Intercepts save Souths and sink Newcastle

EIGHT GAMES, EIGHT MOMENTS: Sandow does it again, Gardner's brain-snap helps the Roosters and the Dragons botch it in Melbourne.

Rabbitohs 26 def. Cowboys 24

The Moment: For the second time in five days a Chris Sandow long-range solo run led to a sensational Rabbitohs try. But whereas Sandow’s 90-metre dash for Dylan Farrell to score last week was added entertainment in a resounding thrashing of the Raiders, this week’s scamper was the catalyst to a great escape that kept their 2011 premiership dream burning.

The Cowboys were in control leading 24-18 with four minutes remaining and swarming in attack down the left edge 20 metres out when Sandow jumped out of the defensive line to snaffle a Johnathan Thurston pass and race downfield. Cowboys fullback Matt Bowen headed the chase but he fell off his tackle attempt before five-eighth Ray Thompson dragged the No.7 down with a copybook diving try-save 20 metres short of the Cowboys’ goal line. The bunnies realised the importance of a quick shift to the left side of the field, where Dave Taylor under-armed for Chris McQueen to plunge over and bridge the gap to two points. His rib cage still heaving after his sprint, Sandow calmly slotted the equaliser to send the rain-sodden contest into golden point. The record books show a penalty against James Segeyaro for a high shot on Rabbitohs’ hooker Issac Luke saw Sandow boot the match-winner 84 minutes into play, but the bantam bunny’s dash and sideline conversion were the ‘hero’ plays.  

See the Rabbitohs' match-saving try after Sandow's intercept

Storm 8 def. Dragons 6

The Moment: With its one-try-apiece scoreline this attacking slugfest boiled down to missed chances – and the Dragons were the ones left ruing what might have been. The premiers made the running in the opening quarter and should have snatched a six-nil lead when they spread-eagled the Storm down the left edge near halfway with just five minutes on the clock. The raid saw Bronx Goodwin, substituting for Brett Morris on the left wing, charge at Billy Slater 30 metres out with Matt Cooper, unmarked, sprinting in support to his right. But this being just his second outing in 2011, Goodwin lacked the savvy to ensure the play got the ending it deserved. He ran a stride too many, offered indecision, and was forced to dummy inside for fear of Slater swooping on an intercept. Cooper held his hands out in disbelief; Dragons’ fans let out an audible groan.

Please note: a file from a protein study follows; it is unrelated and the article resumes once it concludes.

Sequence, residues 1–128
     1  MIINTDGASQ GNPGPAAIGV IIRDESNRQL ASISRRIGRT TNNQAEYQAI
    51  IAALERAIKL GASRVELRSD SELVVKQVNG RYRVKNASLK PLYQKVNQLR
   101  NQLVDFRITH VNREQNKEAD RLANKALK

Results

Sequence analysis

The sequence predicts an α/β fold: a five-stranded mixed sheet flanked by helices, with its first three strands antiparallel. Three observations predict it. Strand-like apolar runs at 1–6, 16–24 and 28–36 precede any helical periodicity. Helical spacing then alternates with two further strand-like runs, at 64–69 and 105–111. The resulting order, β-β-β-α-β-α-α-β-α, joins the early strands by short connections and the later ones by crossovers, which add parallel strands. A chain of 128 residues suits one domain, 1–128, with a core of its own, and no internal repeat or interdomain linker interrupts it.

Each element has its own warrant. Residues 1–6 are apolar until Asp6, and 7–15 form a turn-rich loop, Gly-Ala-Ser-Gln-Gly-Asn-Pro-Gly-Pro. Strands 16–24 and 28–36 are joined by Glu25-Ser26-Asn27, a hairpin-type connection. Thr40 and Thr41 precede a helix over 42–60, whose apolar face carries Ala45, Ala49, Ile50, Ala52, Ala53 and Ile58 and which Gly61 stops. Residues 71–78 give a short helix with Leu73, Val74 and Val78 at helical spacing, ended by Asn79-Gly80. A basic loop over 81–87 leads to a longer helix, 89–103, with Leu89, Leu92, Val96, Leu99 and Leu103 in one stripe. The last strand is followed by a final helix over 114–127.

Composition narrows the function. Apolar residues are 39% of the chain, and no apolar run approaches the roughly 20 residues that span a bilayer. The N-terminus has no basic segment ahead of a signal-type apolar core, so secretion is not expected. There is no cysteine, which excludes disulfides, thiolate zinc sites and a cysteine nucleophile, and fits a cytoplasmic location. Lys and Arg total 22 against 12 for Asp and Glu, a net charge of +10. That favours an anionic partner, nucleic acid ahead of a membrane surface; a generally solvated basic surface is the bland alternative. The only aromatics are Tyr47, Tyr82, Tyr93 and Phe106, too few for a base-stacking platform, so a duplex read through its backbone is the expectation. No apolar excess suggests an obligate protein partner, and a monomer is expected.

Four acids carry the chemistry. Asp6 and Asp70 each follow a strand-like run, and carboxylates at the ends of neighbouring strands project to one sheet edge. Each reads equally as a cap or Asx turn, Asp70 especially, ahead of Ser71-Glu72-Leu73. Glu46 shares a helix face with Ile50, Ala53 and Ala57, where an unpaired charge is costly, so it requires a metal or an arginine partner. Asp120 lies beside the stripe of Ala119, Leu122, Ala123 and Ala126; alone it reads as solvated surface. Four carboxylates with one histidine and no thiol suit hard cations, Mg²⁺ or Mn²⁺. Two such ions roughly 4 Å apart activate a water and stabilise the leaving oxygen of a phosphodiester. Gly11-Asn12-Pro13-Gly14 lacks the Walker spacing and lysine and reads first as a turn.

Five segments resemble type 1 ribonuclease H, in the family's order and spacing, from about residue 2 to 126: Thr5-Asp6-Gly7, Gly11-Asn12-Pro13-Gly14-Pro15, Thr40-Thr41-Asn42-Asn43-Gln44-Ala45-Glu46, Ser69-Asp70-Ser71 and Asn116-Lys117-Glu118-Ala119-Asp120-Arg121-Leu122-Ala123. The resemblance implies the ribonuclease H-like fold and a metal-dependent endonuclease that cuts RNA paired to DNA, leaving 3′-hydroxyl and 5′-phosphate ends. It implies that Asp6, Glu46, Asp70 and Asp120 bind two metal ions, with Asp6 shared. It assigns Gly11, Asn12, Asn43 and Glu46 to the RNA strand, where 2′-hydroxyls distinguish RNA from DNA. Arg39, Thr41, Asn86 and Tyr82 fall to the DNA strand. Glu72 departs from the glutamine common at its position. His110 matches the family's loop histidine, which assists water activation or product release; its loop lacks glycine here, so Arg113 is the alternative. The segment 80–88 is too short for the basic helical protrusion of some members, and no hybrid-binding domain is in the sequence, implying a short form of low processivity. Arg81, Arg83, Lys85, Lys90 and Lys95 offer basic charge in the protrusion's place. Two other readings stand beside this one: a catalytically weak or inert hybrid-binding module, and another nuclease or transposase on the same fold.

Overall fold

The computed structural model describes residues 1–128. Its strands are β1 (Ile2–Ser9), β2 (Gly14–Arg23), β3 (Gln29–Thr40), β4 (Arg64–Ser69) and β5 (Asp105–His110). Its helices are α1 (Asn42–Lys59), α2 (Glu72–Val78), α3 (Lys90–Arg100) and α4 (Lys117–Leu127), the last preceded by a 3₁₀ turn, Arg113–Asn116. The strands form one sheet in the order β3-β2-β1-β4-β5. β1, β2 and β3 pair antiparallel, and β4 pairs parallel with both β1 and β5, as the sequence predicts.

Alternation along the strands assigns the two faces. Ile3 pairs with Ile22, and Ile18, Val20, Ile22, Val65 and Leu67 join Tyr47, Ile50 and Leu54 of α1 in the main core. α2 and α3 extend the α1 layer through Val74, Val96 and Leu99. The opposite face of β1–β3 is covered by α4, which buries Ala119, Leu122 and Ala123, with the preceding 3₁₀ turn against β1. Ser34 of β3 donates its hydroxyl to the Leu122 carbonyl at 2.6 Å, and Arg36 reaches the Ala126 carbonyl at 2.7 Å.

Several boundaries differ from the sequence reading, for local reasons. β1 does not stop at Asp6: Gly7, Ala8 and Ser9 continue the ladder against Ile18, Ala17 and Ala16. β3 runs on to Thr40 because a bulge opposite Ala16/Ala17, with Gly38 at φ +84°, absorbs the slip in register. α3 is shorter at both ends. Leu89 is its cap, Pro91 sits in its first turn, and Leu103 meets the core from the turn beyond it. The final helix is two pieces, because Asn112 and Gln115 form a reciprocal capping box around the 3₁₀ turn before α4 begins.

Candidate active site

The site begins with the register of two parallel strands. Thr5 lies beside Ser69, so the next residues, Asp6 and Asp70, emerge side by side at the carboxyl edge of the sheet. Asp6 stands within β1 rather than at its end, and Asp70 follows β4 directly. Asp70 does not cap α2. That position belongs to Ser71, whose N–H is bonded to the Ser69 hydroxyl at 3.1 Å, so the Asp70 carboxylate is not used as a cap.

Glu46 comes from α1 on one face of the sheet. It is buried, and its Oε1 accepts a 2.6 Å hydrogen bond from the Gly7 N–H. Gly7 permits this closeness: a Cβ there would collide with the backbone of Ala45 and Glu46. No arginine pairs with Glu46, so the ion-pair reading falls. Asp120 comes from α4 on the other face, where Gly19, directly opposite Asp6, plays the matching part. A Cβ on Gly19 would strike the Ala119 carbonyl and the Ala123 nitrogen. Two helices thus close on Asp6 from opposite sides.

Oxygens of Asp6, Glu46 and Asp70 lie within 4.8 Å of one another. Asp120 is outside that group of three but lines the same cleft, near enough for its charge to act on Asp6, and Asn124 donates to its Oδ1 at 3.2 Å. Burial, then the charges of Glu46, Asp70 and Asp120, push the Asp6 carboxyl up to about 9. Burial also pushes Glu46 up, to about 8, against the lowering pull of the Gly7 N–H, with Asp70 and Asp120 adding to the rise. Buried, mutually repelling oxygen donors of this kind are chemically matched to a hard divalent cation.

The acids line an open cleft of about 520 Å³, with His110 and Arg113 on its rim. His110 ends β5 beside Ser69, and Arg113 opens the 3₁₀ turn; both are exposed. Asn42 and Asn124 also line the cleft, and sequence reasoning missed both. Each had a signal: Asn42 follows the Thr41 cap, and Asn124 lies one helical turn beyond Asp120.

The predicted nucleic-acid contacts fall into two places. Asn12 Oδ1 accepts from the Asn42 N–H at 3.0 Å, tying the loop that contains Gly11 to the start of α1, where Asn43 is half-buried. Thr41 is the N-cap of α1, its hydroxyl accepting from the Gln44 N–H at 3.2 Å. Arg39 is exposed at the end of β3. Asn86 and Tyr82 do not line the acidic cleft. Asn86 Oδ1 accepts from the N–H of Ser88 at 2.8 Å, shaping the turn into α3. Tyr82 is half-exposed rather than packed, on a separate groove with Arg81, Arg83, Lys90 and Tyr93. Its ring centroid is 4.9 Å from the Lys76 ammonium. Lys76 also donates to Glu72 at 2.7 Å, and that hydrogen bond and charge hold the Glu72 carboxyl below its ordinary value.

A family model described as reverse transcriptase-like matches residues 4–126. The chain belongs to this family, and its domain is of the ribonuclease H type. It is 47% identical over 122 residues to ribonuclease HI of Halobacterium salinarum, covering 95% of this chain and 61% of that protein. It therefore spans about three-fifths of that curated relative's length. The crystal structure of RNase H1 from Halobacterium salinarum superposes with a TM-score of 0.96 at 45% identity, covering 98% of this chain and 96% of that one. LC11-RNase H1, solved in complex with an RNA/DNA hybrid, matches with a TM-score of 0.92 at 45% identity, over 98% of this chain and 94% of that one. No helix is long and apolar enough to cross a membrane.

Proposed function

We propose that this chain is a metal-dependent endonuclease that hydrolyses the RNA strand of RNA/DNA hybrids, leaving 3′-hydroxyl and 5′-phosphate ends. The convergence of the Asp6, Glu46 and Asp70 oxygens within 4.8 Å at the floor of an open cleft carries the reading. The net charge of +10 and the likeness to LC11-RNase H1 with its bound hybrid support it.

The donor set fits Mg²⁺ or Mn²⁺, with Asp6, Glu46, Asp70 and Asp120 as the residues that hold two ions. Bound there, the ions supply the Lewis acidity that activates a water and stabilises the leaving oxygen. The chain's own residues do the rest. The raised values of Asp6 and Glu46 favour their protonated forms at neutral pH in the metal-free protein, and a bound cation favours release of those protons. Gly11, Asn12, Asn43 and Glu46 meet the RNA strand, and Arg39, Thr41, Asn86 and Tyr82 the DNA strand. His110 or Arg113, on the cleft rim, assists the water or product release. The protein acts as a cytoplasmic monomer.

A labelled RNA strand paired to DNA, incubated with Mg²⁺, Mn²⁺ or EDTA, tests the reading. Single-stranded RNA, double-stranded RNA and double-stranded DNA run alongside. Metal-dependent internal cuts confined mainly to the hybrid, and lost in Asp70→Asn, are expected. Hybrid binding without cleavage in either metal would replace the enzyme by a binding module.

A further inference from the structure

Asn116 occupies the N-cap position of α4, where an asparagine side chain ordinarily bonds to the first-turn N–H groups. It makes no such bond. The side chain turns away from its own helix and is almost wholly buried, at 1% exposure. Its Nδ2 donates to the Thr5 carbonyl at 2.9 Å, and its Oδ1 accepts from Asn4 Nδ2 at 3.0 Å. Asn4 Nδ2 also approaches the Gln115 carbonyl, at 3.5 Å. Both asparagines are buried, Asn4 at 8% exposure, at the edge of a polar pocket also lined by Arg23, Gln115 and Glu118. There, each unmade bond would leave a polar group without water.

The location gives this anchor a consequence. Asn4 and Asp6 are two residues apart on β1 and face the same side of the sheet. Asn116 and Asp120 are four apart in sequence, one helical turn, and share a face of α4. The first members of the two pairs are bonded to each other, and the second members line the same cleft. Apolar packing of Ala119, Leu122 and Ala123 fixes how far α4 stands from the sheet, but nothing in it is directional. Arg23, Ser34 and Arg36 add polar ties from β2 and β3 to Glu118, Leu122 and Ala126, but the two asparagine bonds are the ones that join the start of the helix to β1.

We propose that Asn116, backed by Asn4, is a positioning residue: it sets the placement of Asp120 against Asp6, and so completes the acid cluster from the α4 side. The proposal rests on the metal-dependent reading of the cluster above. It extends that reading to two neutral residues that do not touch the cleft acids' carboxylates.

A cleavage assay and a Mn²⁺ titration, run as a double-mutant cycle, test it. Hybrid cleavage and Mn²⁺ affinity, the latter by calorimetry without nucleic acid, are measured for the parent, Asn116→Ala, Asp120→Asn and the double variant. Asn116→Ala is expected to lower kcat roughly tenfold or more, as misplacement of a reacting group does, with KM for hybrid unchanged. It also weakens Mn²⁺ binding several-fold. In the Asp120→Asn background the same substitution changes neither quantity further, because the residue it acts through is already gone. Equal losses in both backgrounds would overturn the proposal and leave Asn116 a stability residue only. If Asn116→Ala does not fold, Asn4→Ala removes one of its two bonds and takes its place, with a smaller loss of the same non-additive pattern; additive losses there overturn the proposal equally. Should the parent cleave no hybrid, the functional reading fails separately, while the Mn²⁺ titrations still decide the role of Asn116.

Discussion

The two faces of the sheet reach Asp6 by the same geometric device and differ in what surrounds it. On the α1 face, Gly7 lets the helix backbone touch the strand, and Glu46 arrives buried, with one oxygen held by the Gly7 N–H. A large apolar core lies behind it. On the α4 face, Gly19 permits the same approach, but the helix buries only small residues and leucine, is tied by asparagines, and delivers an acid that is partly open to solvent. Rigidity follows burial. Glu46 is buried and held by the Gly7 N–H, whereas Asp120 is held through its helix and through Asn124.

Sure, they still banked a 6-nil lead when Kyle Stanley crossed in the 18th minute – but that should have made it 12-nil. And from there, with confidence, who knows what may have transpired. Losing Goodwin to a season-ending knee cruciate ligament injury in the 12th minute compounded matters – it left them a man down on their interchange and demanded creative force Stanley play the whole game on the wing rather than at centre, which would have allowed Beau Scott to shift back to the pack. But that’s rugby league. Footnote: what’s with the Dragons continuing to allow bombs to bounce? Weird stuff.     

The Dragons blow a crucial try-scoring chance against the Storm

Titans 26 def. Raiders 18

The Moment: The Raiders may have made double the line-breaks of the Titans in this clash (4-2) but it was Gold Coast winger David Mead’s electrifying bust shortly after halftime that proved the most important on the night. Trailing 12-6 at the break the Raiders pressed the issue down the left edge in the 46th minute – but a spilled Sam Williams pass, one of 15 errors made by the visitors on the night, saw speed machine Mead sprint 90 metres from a standing start, straight through the disorganised Raiders’ ruck, for a 12-point advantage. You could argue there were plenty of ‘sleeper’ Titans impeding the Canberra defenders, but it was a Raiders’ blunder so they were hardly acting intentionally. The result leaves the Raiders, Titans and Eels within a competition point of each other in the ‘race’ for the wooden spoon.

Mead burts clear for a 90-metre try against Canberra

Roosters 36 def. Sharks 25

The Moment: A seven-point lead with eight minutes to play should have been enough to see the Sharks home in this spiteful encounter. That they imploded to gift the Roosters three tries at the death pretty much sums up why they are still a mathematical possibility for the wooden spoon with just two weeks of the season to run. Forget the players – Cronulla fullback Nathan Gardner is probably still asking himself what he was thinking when he soccer-kicked Braith Anasta’s 73rd-minute grubber across the face of his goal posts rather than simply gather the ball on his goal line and fall into the field of play.

His gaffe gaffed the Sharks; the ball rebounded off the right upright and Roosters halfback Jake Friend picked up the pieces to bridge the gap to a point. Before they could rid that play from their minds Shaun Kenny-Dowall combined with Anthony Minichiello to seize the advantage and a defeat snatched from the jaws of victory was complete.

Gardner's brain-snap kick-starts a Roosters comeback

Warriors 26 def. Panthers 12